Dr Fundanga further said there were a number of challenges that needed to be considered next year such as a projected rise in petroleum products prices as well as higher electricity tariffs approved by the Energy Regulation Board.

And the country had its overall Balance of Payments (BoP) surplus narrowed to US$204.9 million from US $783.0 million recorded during the corresponding period in 2006.

The decline, according to the Central Bank, largely reflected the relatively poor performance in the current account that outweighed the improvements recorded in the capital and financial account.

“Preliminary data shows that Zambia continued to record favorable external sector performance resulting in an accumulation of reserves by the BoZ to US$1.1 billion in December 2007 from US $706 million as the end of December 2006,” Dr Fundanga said. On a year-to-date basis, Zambia’s trade surplus narrowed to US$589.4 million from US $1,041.3 million.

“The decline in the trade surplus was mainly explained by a sharp rise in merchandise imports which outweighed the increase in merchandise exports. Merchandise imports, at US $2,555.1 million, were 35.1 per cent higher than US$1,890.9 million recorded over the corresponding period in 2006,” Dr Fundanga said.

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At 8:54 AM , Blogger MrK said...

Zambia doesn't need special zones, where foreign investors can set up sweatshops and avoid paying taxes.

What it needs is a concrete and dogmatic approach to it's main economic sectors.

Tax the mines. Develop infrastructure. Develop agriculture. Lower taxes on all indigenous businesses and startups.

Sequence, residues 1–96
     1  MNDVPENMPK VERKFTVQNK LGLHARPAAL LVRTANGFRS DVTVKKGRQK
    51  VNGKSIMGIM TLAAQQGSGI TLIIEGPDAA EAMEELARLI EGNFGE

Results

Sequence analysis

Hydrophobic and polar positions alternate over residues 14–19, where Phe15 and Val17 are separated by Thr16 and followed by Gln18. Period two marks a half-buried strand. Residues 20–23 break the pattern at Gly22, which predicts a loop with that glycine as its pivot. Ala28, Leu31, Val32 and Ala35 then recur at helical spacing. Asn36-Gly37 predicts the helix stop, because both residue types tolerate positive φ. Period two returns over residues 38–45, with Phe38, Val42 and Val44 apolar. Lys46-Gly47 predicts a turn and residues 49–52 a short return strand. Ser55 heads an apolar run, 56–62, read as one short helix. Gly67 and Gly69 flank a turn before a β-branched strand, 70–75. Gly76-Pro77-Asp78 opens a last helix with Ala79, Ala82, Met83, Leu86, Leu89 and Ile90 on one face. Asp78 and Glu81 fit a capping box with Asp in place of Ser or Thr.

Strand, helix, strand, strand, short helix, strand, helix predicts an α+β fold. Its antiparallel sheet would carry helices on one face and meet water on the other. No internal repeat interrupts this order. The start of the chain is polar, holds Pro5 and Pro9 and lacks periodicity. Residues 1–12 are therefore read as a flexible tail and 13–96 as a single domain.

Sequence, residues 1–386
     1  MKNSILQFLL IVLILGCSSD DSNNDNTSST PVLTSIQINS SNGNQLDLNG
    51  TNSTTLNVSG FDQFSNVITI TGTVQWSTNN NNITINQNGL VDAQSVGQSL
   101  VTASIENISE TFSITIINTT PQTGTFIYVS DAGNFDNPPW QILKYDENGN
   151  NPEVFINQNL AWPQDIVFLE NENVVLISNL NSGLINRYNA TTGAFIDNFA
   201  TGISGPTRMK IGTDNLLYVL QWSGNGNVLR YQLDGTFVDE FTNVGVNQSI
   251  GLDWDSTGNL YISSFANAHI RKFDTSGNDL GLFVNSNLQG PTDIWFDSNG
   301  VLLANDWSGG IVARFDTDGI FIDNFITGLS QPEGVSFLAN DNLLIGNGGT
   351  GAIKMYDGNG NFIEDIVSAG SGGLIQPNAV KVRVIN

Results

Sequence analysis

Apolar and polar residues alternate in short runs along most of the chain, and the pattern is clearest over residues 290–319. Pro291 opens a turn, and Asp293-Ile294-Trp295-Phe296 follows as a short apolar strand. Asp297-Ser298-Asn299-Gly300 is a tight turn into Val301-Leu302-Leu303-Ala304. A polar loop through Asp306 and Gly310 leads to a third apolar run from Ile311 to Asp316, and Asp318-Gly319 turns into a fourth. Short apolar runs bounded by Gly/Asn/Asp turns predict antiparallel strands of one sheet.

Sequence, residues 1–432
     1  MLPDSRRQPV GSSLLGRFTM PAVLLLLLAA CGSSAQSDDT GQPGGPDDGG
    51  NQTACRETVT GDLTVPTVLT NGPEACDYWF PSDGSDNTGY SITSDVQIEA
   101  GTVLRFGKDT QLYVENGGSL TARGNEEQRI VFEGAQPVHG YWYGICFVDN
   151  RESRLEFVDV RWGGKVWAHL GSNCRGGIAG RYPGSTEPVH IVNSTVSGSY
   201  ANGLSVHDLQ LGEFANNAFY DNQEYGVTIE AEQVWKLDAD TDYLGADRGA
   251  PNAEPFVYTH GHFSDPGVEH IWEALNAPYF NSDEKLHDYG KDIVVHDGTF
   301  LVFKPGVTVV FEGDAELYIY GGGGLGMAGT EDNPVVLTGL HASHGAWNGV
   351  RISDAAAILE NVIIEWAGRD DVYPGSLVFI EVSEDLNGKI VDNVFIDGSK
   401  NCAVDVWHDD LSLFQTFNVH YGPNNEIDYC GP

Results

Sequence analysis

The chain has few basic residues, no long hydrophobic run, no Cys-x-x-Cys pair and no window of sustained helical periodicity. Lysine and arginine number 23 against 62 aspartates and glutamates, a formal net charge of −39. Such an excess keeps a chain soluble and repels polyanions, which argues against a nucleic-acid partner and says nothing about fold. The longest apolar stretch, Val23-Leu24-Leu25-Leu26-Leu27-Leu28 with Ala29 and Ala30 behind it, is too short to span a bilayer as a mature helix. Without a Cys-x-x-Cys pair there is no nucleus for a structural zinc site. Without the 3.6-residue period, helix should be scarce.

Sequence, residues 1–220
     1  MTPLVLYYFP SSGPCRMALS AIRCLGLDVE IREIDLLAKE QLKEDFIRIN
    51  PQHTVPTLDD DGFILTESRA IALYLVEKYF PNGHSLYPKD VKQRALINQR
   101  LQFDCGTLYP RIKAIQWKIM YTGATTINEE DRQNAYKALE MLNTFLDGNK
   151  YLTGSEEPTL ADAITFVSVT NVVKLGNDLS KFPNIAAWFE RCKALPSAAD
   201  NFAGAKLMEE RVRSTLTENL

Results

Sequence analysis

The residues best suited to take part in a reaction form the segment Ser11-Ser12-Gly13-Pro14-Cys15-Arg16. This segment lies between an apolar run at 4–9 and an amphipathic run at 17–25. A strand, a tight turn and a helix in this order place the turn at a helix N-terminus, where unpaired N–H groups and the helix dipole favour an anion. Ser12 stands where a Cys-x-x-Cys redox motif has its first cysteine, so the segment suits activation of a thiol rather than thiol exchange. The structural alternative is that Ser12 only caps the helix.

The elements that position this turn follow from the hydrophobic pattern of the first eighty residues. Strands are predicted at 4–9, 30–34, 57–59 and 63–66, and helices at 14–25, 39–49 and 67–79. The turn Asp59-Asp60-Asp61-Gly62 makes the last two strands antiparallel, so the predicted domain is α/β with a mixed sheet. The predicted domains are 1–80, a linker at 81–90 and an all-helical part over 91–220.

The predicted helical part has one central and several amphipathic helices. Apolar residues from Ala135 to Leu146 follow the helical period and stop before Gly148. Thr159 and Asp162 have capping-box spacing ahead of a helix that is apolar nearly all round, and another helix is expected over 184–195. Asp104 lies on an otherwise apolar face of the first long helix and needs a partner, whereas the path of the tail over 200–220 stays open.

“Inflation, during the first quarter of 2008, is expected to continue to be in single digit levels.

And this has had no discernable economic effect on ordinary people. The reason: everything has been about making sure FDI feels comfortable and doesn't need to contribute to the infrastructure they use. There has been a shift in the tax burdon trom corporations to workers. That is the MMD legacy.

The IMF theories about low inflation and open borders is simply theory, and at that, a theory that has nothing to do with the Zambian economy.
In theory, low inflation is supposed to lead to low interest rates, which is supposed to drive the savings away from bank accounts and into the economy. In practice, there are very few savings; interest rates remain high, because there are other constraints on interest rates in Zambia that have little to do with inflation - lack of economic infrastructure (fixed addresses, known credit histories, etc.), lack of competition between banks.

In the end, Levy Mwanawasa must heed his own words - and 'invest in hard work'. There is no substitute to actually getting down with the domestic economic players and start helping them set up SMEs, farming areas and infrastructure.